Thud! Audio CD – Audiobook, Nov 2005
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|Audio CD, Audiobook, Nov 2005||
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From Publishers Weekly
The 31st Discworld novel begins with a thud-the sound of a club crushing the skull of influential dwarf leader Grag Hamcrusher. Tensions between dwarves and trolls has been high for centuries, so when a troll club is found lying nearby the murdered Hamcrusher, a villainous troll is the obvious suspect. But the dwarf's death is not so simple, and Commander Samuel Vimes of the Ankh-Morpork City Watch must investigate the murder and discover the truth...lest renewed tensions between the dwarves and trolls tear his city apart. While some of these characters have appeared in previous Discworld volumes, newcomers to the series should have no trouble following and enjoying this audiobook. Like all of Pratchett's work, Thud! is infused with wit and good fun throughout. Briggs, a 2004 Audie Award winner, enlivens the humor with his exuberant and masterful narration, and his pleasant British brogue is a joy to listen to. A man of many voices, Briggs flawlessly handles the wide variety of characters, which range from slow-witted trolls and gruff dwarves to arrogant lords and non-blood-sucking vampires. Canon reading for fantasy-fanatic audiophiles.
Copyright © Reed Business Information, a division of Reed Elsevier Inc. All rights reserved. --This text refers to an out of print or unavailable edition of this title.
"Like reading Tolkien but with gags — and good gags too."
—The Guardian --This text refers to an out of print or unavailable edition of this title.
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Top Customer Reviews
That is just about the scenario found in "THUD", Terry Pratchett's latest roller coaster ride through Discworld. The origin and outcome of the ancient Battle of Koom Valley between the Trolls and Dwarves has been obscured and the subject of much debate; but, the lingering and long-lasting hatred between them means they are always one spark away from renewed battle.
Grag Hamcrusher is what you might call a Dwarf extremist. Emerging from the depths he rails against those dwarves who have risen close to the surface. He intimates Dwarf residents of Ankh-Morpork who have made accommodations to a life lived above ground. Hamcrusher is a zealot who would like nothing better than to renew a holy war against the hated Trolls. As Thud opens Hamcrusher has just been murdered, thud "being the sound the heavy club made as it connected with the head". The initial evidence, a troll club found near the apparent murder scene, seems destined to bring their historic enmity to a boil. It is up to Commander Vimes and the Watch to find out who killed Hamcrusher and try to avoid a war that could destroy Ankh-Morpork.
The Patrician, not surprisingly, has complicated matters for Vimes.Read more ›
Into the quietly seething mixture of Ankh-Morpork peoples there arrives a new element. For years, the dwarfs have scrambled up out of the deep dark of their mines to emigrate to Sam Vimes' city. They've become the city's largest "minority group". While boisterous, dwarfs are generally well behaved. Clashes with their ancient enemy, the trolls, have taken little real toll of either group. The deep dark of those mines, however, contain a secret. A secret treasured and sought by elements of dwarf society who consider themselves guardians of its value - the "grags". Nothing offends a grag as much as encountering someone who has "seen the light". These guardians scorn the "short humans" who have abandoned traditional dwarf values in Ankh-Morpork's materialist environment. One of those "traditional values" is the cause of the ancient clash in Koom Valley.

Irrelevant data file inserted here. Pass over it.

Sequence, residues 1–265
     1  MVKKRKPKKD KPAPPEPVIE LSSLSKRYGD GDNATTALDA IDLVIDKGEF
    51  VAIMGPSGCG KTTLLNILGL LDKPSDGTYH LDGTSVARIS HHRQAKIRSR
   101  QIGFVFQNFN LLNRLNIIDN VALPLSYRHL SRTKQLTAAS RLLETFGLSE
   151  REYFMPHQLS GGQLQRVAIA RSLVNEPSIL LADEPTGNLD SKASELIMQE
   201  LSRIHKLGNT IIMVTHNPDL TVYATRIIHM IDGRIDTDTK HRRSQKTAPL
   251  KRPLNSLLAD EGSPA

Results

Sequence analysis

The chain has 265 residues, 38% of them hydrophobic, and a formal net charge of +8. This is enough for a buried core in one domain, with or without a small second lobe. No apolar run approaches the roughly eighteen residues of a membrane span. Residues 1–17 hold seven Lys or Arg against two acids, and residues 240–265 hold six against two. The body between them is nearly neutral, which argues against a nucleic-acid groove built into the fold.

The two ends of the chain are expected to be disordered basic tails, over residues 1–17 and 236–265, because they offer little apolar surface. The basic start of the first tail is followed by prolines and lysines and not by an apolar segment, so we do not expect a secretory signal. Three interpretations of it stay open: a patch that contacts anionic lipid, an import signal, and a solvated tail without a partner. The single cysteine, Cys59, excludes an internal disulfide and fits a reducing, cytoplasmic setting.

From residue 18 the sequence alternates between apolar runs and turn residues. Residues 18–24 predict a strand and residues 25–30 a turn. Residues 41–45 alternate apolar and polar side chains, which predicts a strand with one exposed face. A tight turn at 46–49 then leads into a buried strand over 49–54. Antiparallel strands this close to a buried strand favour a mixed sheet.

A Discworld legend in its own right, the Battle of Koom Valley is one of those "We won!" - "No, we won!" myths so many societies possess. Each side ambushed the other. Both sides shamefully ran away at its conclusion.Read more ›
Like all Discworld novels, it's a stand-alone book. The only problem I had with reading it first was that it's got a few spoilers for earlier books (ie: Cheery. That's all I'm saying).
I would recommend this book to anyone who loves fantasy, hates fantasy and/or is a fan of clever prose.
Für Neuleser wird es dadurch allerdings verwirrend. Es ist zwar eine eigenständige Geschichte, die ich auch neuen Interessenten empfehlen möchte, aber bei einigen Nebenpassagen könnte diesen der Zusammenhang fehlen. Neulesern sei daher die Empfehlung gegeben, mit den alten Romanen zu beginnen und sich dann in der Geschichte vorzuarbeiten. Es lohnt sich!
Der Roman erhält von mir die volle Punktzahl!
Als „Going Postal" erschien, war ich zwar sehr angetan von der Geschichte, aber mir fiel auf, dass die alten Charaktere immer stärker verschwammen und auf Nebenschauplätze verbannt wurden. Das war damals meine Kritik und so setzte ich meine Hoffnung auf „Thud!".Read more ›
Most recent customer reviews
Another great adventure on the Discworld. A good read guaranteed to entertain followers of the series.Published on Sept. 28 2014 by James Parsons
A standard Dsicwolrd novel, entertaining, a few laughs, a satire of our own world but not one of the best Discworld novels I've read so far. Still, can't go wrong with Sam Vimes.Published on Dec 19 2013 by Dan
"Thud" is thirty-fourth novel in Terry Pratchett's hugely popular Discworld series, was first published in 2005 and is the seventh to focus on Sam Vimes and Ankh-Morpork's City... Read morePublished on Nov. 17 2007 by Craobh Rua
Always my favourite author, Terry Pratchett has outdone even himself with his latest reads. Thud! is one of the greatest mixtures of adventure, fantasy, moral and humour in... Read morePublished on Sept. 23 2007 by Vick